A regular article written by Phillip Jensen in his role as Dean of Sydney at St Andrew's Cathedral.
11th February 2008
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Christians have always been heavily committed to education. The theology of the Bible drives us to study.
God created the world by His Word. He spoke and it came into being. The world was not an accident of divine carelessness. It is an expression of the intention and purpose of the mind of God.
God saw the world and declared that it was good. He did not create chaos but an ordered and habitable world (Isaiah 45:18). His creation is regular, predictable, both open to, and worthy of study.
God created humanity in his image and likeness to rule over His world. We are to fill and subdue His world. He gave us the ability to perform our appointment and responsibility—minds that can study and understand the world and can communicate by language. We are not like the other creatures that have no understanding—we are the creatures who can study (Psalm 32, 49).
God revealed himself to us. His works in creation show his power and divine nature. But God has also shown this to us (Romans 1:19). Furthermore, he has spoken to us by his prophets, explaining and interpreting for us the history of Israel. God showed himself and his plans in the person of His own Son. For He, who was the eternal word of God, became flesh and lived with us. Finally, God has sent His Spirit—the Spirit of His Son—into the world to teach us His ways.
For Christians then the mind matters. Growing in our understanding is our desire. Teaching and learning is our practice. Living self-controlled lives of wisdom is our duty and joy. Men, women and children are all commanded to learn.
Furthermore, we are committed to passing the wisdom of God from one generation to the next. The responsibility of the Old Testament parents to teach their children is, not surprisingly, applied to the parents of the New Testament. So we are to raise our children “in the discipline and instruction of the Lord” (Ephesians 6:4).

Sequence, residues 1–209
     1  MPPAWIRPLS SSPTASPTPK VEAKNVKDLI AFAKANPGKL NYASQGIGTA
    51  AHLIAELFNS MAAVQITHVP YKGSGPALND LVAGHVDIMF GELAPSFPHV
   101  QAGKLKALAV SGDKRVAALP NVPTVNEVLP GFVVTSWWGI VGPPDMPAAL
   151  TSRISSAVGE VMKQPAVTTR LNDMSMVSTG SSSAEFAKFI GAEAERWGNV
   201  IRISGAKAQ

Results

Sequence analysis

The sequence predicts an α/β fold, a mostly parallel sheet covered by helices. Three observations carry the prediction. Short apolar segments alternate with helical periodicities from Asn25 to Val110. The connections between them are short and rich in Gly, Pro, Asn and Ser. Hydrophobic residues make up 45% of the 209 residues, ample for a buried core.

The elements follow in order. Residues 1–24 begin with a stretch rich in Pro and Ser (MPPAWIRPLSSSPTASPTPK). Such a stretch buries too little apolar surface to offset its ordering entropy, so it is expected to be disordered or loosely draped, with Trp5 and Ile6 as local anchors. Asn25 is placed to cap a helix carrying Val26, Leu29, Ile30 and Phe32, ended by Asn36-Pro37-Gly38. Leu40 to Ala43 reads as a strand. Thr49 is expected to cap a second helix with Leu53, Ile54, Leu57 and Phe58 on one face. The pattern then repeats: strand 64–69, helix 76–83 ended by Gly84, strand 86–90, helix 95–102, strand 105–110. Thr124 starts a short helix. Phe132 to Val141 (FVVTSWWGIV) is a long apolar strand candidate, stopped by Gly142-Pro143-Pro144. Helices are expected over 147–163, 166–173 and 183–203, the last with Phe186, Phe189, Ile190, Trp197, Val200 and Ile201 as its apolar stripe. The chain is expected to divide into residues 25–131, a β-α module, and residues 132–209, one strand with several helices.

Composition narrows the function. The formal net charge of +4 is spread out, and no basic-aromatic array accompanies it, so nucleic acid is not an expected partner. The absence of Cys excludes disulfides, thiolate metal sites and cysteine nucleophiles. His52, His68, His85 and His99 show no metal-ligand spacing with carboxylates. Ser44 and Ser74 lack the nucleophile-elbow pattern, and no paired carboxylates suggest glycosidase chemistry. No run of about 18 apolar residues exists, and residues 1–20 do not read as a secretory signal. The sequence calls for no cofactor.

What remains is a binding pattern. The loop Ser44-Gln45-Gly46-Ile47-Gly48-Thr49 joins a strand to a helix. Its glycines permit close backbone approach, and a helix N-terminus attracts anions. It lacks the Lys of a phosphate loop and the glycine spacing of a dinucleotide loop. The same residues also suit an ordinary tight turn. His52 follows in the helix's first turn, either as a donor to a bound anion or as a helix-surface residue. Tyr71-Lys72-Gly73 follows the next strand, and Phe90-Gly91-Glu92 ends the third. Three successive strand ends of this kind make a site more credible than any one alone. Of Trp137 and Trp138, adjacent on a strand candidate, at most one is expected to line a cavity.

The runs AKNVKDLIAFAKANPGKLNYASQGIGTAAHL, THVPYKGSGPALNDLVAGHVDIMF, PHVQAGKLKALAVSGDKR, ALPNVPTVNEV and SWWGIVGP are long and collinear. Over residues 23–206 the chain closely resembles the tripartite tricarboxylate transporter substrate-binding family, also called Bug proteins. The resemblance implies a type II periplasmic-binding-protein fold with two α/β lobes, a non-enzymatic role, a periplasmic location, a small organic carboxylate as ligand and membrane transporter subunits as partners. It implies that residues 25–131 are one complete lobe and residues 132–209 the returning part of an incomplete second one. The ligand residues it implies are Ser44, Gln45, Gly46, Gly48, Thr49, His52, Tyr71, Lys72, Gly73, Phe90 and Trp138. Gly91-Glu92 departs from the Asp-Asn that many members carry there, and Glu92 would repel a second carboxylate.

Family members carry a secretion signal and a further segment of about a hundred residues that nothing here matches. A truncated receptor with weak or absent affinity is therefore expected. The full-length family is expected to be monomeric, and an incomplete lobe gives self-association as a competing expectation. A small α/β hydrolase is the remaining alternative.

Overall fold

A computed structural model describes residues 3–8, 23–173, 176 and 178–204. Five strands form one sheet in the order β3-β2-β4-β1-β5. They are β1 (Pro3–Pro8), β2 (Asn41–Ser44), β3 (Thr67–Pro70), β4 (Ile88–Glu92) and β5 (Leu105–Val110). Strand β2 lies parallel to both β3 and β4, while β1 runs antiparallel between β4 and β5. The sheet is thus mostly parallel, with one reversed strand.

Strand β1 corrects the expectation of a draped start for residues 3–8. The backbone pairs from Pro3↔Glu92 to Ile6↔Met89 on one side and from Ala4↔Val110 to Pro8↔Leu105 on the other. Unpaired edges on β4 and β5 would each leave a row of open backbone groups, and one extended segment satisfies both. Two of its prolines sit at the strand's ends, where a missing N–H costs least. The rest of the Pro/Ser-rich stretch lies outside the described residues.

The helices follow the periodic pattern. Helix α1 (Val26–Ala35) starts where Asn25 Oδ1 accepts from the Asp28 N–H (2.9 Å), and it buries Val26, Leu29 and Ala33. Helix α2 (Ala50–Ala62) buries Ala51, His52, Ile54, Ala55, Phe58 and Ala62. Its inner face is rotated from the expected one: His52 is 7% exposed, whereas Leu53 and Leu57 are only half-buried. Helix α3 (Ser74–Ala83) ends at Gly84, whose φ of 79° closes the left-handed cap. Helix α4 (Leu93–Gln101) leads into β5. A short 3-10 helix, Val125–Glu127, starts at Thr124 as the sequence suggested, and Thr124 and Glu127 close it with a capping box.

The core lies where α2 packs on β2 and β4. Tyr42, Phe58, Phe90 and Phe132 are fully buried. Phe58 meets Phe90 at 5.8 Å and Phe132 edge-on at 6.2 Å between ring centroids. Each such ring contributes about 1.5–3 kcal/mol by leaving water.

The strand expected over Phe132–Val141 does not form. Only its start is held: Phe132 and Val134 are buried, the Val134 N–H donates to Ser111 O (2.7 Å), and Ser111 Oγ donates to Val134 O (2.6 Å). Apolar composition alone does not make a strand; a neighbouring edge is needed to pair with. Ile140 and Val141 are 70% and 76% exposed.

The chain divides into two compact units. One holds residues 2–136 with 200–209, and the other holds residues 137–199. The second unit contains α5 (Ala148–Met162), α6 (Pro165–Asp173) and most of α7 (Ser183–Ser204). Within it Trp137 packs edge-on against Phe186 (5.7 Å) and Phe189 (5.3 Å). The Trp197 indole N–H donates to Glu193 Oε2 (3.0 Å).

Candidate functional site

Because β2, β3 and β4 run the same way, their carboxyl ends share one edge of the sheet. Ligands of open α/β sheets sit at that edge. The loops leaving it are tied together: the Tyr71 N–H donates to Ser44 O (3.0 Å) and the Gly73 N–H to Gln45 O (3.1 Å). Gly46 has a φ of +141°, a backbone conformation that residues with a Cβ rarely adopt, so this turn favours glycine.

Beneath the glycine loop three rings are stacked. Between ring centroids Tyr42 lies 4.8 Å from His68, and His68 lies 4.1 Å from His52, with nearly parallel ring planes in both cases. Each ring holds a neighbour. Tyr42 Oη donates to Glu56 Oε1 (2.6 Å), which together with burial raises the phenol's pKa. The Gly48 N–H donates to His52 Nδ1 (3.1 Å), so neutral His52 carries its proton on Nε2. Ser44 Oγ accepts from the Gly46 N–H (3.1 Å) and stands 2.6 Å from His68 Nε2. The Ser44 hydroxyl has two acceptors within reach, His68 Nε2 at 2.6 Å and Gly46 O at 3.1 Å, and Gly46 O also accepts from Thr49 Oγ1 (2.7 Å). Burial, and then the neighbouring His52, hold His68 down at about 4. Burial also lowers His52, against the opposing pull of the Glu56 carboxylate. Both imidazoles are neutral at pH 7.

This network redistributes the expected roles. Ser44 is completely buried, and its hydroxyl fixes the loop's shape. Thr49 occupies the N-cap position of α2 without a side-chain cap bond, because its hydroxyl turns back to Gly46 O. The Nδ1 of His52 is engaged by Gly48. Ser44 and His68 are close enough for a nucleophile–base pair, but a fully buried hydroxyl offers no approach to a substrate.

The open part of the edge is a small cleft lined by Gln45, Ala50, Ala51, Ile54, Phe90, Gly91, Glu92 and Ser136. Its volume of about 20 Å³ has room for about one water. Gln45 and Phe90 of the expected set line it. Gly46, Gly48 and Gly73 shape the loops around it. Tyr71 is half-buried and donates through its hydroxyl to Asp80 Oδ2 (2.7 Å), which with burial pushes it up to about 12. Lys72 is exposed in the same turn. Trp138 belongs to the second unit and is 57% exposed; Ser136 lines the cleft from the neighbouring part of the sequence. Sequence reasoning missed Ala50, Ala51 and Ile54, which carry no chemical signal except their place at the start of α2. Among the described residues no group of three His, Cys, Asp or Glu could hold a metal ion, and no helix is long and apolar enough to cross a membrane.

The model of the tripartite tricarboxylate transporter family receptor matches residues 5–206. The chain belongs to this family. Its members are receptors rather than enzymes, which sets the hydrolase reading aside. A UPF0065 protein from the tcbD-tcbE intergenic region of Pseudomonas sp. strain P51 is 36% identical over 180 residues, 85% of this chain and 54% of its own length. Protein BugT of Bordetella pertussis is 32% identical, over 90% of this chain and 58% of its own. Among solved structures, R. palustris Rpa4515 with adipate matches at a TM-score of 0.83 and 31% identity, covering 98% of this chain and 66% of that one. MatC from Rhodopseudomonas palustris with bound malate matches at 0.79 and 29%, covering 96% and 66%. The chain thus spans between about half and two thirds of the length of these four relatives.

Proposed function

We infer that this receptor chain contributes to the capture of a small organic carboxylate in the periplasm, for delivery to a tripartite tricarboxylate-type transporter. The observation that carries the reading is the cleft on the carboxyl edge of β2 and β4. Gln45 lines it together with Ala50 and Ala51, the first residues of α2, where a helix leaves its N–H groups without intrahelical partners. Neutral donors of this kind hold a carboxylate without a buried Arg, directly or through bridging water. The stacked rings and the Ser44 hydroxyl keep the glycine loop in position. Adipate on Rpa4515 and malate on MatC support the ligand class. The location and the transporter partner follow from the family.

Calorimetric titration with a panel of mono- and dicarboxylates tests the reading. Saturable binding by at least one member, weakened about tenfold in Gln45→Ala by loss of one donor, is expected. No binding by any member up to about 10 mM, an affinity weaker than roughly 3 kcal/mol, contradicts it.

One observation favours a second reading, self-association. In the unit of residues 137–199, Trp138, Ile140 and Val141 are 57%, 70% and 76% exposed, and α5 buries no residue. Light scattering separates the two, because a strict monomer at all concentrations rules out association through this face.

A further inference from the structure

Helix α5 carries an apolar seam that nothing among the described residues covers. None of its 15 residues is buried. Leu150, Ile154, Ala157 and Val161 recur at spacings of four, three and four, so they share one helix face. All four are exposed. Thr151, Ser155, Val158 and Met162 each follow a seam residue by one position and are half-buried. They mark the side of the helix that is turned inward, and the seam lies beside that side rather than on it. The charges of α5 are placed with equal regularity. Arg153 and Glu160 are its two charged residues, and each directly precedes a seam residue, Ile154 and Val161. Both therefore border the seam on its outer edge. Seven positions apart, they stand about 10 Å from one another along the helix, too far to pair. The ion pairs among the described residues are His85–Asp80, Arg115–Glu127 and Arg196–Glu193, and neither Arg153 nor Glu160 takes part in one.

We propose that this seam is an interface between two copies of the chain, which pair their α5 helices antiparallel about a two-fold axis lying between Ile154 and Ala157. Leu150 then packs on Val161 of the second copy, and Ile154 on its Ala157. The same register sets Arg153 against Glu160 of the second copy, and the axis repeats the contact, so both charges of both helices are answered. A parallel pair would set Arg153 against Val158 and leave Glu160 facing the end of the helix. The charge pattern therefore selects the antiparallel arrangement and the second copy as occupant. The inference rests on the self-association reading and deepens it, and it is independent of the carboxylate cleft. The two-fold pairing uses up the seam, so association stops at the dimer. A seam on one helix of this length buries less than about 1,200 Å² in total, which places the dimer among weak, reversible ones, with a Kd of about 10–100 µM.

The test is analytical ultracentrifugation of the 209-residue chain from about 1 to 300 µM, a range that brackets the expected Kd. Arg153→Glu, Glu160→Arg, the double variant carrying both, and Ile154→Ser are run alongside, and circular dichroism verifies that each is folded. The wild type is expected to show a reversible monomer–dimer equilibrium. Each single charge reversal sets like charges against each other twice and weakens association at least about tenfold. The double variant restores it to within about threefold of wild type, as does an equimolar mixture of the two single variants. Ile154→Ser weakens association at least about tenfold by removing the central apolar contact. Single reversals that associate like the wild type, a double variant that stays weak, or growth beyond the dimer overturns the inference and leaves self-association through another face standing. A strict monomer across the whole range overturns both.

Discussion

Christian education must not be limited to learning or our redemption. Christian education must explore God’s creation. For the God who has redeemed us by His Word, is the same God who created us by His Word. It is the same Word—the Lord Jesus Christ.
The wisdom of God is not a secret wisdom of unworldly spiritual realities—but the way of right living in this world. It is not to be limited to morality or spirituality but covers all that God and humans have done in this world and the very way the world works. From the way that the ant builds its nest to the practical outworking of ruin that falls upon laziness (Proverbs 6). From the way that the sun and moon mark the seasons, to the skills that God has given us to farm and to build, to make tools or to play music, to fashion jewellery or to run governments.
Thus, Christians have always been deeply committed to education. Our commitment is to learning and research, as well as teaching and providing wisdom for the next generation.
For over 120 years St Andrew's Cathedral has enjoyed the privileged responsibility of partnership with St Andrew's Cathedral School. We rejoice in the harmonious relationship between the Cathedral and the School at both the Chapter/Council and the staff levels of operation.
We look forward to another profitable year of Christian service as we help each other advance the cause of Christ.